An Air Canada Boeing 737 Max aircraft arriving from Toronto prepares to land at Vancouver International Airport in Richmond, B.C. File photo by THE CANADIAN PRESS

An Air Canada Boeing 737 Max aircraft arriving from Toronto prepares to land at Vancouver International Airport in Richmond, B.C. File photo by THE CANADIAN PRESS

Boeing orders, deliveries continue to sag with Max grounding

Orders and deliveries of new Boeing planes remain depressed eight months into the grounding of the company’s 737 Max, leaving Boeing far behind Airbus, its chief competitor.

Boeing says that no customers have cancelled orders because of the two deadly crashes involving the Max, but some orders have been switched to other Boeing models or lost because of airline bankruptcies.

Boeing said Tuesday that Air Lease Corp., which leases planes to airlines, replaced an order for 15 Max jets with an order for five 787s, a larger plane used mostly on international routes. An unidentified customer dropped an order for three Max planes after ordering a larger Boeing 777 earlier this year, Boeing said.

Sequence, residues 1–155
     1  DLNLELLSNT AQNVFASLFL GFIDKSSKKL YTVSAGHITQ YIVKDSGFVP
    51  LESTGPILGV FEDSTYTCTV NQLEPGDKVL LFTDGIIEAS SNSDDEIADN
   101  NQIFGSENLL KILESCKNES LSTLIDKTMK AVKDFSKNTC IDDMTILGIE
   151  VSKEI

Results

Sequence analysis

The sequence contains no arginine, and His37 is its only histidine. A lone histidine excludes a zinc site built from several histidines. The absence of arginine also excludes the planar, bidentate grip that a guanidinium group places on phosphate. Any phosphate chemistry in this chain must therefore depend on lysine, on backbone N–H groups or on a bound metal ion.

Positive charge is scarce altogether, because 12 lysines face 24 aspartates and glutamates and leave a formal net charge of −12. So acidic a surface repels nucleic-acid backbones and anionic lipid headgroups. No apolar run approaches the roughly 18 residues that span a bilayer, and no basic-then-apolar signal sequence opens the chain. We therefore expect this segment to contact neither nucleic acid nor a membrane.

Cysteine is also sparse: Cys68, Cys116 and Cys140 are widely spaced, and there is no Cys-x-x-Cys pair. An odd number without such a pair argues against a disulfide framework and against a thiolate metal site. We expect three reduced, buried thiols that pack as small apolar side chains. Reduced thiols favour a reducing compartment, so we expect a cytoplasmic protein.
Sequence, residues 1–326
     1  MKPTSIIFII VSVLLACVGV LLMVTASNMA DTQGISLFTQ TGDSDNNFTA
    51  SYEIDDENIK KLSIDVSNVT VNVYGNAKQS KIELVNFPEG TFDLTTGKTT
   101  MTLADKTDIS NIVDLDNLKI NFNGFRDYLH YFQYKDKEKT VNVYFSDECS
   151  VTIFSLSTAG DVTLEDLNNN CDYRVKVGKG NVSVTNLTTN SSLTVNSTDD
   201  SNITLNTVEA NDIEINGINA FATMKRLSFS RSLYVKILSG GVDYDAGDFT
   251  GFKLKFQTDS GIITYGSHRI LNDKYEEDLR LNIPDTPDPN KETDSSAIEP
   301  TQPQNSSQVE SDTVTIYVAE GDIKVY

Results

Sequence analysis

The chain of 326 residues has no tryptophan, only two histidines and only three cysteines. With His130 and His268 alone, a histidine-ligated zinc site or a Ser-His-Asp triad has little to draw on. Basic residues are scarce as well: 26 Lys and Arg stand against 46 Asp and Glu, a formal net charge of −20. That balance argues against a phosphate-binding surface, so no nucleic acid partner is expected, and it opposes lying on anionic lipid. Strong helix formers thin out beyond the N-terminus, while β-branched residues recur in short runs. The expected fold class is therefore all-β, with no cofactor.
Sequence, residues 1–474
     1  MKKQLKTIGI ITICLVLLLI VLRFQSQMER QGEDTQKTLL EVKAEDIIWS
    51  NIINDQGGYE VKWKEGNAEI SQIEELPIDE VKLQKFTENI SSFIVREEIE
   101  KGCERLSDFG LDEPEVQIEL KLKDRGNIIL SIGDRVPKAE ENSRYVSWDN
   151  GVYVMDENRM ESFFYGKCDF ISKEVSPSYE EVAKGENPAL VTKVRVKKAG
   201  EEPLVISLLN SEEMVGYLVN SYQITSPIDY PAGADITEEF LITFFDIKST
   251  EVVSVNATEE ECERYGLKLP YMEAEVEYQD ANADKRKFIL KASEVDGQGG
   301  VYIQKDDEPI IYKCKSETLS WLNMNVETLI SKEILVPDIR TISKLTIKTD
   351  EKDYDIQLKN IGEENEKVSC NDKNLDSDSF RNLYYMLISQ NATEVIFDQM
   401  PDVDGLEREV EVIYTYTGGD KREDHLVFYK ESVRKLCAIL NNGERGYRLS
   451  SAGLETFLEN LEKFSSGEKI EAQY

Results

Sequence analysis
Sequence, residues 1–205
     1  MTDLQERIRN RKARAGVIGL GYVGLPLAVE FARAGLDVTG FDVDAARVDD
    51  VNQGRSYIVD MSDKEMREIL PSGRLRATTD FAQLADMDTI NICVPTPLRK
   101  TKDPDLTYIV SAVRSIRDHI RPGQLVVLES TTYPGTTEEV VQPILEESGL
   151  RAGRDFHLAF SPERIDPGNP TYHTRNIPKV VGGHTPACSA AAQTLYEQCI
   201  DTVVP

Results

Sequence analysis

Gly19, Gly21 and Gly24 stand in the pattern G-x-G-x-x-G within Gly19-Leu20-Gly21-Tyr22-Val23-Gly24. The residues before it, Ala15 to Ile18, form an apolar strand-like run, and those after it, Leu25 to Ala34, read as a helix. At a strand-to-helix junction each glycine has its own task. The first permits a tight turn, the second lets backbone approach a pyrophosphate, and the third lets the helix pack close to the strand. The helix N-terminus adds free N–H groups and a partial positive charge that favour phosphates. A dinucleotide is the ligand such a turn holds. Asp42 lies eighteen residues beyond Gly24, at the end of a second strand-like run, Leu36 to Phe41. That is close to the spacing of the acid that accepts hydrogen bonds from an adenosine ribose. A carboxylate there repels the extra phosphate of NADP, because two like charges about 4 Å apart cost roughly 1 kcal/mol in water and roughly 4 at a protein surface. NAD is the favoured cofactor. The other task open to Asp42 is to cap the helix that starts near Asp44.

Chicago-based Boeing said it took 10 new orders in October, down from 24 in the same month last year, which included 14 Max jets.

The company delivered 20 commercial planes last month, including 12 for the 787, which Boeing calls the Dreamliner. That is down from 57 a year earlier.

Boeing’s European rival, Airbus, said Tuesday that it took 415 orders in October, with 300 coming in one deal with IndiGo. The Indian discount carrier ordered planes in the Airbus A320neo family, planes that compete with the Max.

Airbus said it delivered 77 airliners last month, including 56 in the neo category.

The decline in deliveries is hurting Boeing’s cash flow because customers pay much of the purchase price on delivery. In the third quarter, Boeing burned through $2.9 billion in cash, compared with generating $4.1 billion in free cash flow a year earlier, and it took on $5.5 billion in new debt.

Cai von Rumohr, an analyst with financial-services firm Cowen, said Boeing’s deliveries were better than expected but orders were “lacklustre.” He said investors are more focused on when the Max will return to service and on the outlook for growth in global air traffic.

Boeing’s shares ended Tuesday down $4.08, or 1.1%, to $362.88.

The Max has been grounded since March after two accidents killed 346 people. On Monday, Boeing said it hopes to resume deliveries of the Max in December and win Federal Aviation Administration approval of changes to the plane and a pilot-training course in January, clearing the way for the plane to return to service in the United States.

Regulators in other countries are expected to take longer.

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